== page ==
The Falkland Islands, 500 km (310 mi) east of the Argentine Patagonia coast, are a somewhat unlikely paradise, but for adventurous travelers who love to explore virgin land full of wildlife they are. With more penguins that people – almost 500,000 breeding pairs of penguins to a mere 2,967 people – along with lots of other migratory and mammals, both on sea and land, the Falkland Islands provide plenty of chances to hop off the tourist track and do a bit of independent discovery.
Despite a small populace, the Falkland Islands have a turbulent history and the marks of which, in the form of landmines, still remain a sad reminder of the tug-of-war between the United Kingdom and Argentina. Land disputes have raged since 1766. Today, Argentina claims the islands their own, leading the United Nations to recommend use of both their Spanish and English name. The war between Argentina and the UK on the islands ended in 1982 but the dispute was never settled.
People and Economy
The population is English-speaking and the cost of living is similar to that in the UK. You will find Falkland Islanders to be incredibly friendly and welcoming. The two main industries are fishing and wool production. You can buy hand-spun and knitted garments in the capital. Deep-sea fishing is incredibly popular, and fishing licenses are now being soldto tourists. The income from license-sales is a major part of the economy.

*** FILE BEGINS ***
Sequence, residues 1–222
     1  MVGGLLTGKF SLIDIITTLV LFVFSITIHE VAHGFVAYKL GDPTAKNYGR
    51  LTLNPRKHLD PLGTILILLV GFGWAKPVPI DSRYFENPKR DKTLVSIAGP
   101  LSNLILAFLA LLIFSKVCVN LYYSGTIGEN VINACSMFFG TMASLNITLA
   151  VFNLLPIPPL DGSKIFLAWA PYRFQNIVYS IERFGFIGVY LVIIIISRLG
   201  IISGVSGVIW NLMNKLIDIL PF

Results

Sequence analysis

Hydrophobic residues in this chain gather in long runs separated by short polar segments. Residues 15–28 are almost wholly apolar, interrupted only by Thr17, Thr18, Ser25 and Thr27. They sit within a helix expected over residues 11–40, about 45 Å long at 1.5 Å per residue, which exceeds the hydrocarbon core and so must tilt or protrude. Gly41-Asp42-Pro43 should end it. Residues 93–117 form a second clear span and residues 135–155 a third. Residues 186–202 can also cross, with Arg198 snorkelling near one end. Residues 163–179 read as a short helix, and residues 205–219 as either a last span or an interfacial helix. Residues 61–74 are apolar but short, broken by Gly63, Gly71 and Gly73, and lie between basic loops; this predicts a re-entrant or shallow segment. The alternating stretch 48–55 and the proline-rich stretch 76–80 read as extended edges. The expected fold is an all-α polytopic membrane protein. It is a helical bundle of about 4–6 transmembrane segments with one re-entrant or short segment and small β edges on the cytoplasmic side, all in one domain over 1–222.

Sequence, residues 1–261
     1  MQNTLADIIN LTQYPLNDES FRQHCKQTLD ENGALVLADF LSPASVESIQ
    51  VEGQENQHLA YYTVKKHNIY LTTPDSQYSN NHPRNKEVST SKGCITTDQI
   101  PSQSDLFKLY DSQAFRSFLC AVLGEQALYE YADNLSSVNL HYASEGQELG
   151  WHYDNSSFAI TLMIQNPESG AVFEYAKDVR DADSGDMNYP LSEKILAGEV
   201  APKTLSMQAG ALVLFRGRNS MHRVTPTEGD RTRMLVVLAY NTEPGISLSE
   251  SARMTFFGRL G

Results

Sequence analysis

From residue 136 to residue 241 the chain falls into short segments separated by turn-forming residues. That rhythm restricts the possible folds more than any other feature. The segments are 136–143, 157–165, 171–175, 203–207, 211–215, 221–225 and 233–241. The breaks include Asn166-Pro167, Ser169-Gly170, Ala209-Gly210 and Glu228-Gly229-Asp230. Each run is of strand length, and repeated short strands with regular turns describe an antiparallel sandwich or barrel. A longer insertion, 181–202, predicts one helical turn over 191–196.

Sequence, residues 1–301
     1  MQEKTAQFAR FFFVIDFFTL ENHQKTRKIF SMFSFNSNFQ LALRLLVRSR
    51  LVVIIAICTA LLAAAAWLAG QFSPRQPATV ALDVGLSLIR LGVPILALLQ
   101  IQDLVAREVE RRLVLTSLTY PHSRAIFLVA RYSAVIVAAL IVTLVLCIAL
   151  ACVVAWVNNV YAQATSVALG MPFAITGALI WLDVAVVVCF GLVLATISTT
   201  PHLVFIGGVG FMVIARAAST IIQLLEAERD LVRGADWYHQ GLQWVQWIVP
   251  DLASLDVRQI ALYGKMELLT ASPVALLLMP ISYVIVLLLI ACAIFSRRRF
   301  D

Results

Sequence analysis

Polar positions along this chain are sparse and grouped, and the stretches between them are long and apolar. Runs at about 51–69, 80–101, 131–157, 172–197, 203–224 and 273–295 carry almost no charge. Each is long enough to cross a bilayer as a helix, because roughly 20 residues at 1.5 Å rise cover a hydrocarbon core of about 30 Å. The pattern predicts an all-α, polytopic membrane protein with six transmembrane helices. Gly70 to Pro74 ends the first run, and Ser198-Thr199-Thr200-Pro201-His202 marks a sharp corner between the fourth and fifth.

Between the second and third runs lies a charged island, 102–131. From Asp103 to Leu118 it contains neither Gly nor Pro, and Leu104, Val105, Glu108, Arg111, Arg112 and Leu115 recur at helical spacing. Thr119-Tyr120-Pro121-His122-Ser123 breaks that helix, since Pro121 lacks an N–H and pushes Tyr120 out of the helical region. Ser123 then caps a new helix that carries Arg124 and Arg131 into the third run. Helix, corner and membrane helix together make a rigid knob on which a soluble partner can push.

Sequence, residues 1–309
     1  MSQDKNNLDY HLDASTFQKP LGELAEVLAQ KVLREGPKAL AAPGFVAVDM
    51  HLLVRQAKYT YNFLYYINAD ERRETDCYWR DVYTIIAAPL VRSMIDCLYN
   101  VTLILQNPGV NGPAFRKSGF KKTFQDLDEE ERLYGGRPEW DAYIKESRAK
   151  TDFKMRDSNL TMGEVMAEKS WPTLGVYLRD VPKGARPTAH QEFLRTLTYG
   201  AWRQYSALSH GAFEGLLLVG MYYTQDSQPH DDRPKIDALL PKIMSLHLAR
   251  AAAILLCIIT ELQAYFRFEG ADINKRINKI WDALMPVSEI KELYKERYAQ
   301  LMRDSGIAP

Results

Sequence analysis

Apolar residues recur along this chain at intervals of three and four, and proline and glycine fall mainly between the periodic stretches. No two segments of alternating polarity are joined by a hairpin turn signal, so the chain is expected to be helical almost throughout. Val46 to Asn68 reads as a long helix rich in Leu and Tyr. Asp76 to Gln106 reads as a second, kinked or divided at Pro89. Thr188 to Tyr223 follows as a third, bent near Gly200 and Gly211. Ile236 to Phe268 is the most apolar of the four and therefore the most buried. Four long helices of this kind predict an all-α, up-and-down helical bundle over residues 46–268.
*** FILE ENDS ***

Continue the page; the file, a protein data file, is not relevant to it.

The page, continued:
Of the over 200 islands, the two biggest and the most populated are East Falkland and West Falkland. The capital, Stanley, is on East Falkland along with the international airport. There are four other airports, one of which is paved, on other islands. Flights are expensive, but the only way to reach some of the more remote spots on the islands. Otherwise you can travel by boat.
Outside of the capital, the islands are referred to as the Camp. Tourist facilities are scarce and pricey, but some farms have opened up rooms to serve as bed and breakfasts.
Wildlife is best seen in âthe camp’. There are five penguin species that regularly breed on the islands: the Magellanic, rockhopper, gentoo, macaroni and king. Other birds include gulls, hawks, black-browed albatross, falcons, peregrine, oystercatchers, striated and crested caracaras, sheld geese, steamer ducks, swans and more. Sea mammals like elephant seals, sea lions, fur seals, six species of dolphin, killer whales, and orca whales have all been spotted on or around the islands.
Climate and Weather
The best time to visit the islands is from October to March when the temperatures slightly heat up – the highest it ever gets is 24°C (75°F) and daylight hours stretch on and on. The weather is always damp and winds are always strong, so dress wisely, using waterproof clothing like fleece, Gortex or polypropylene.
All information on Falklan Islands/Islas Malvinas was written and researched by Dawn Wohlfarth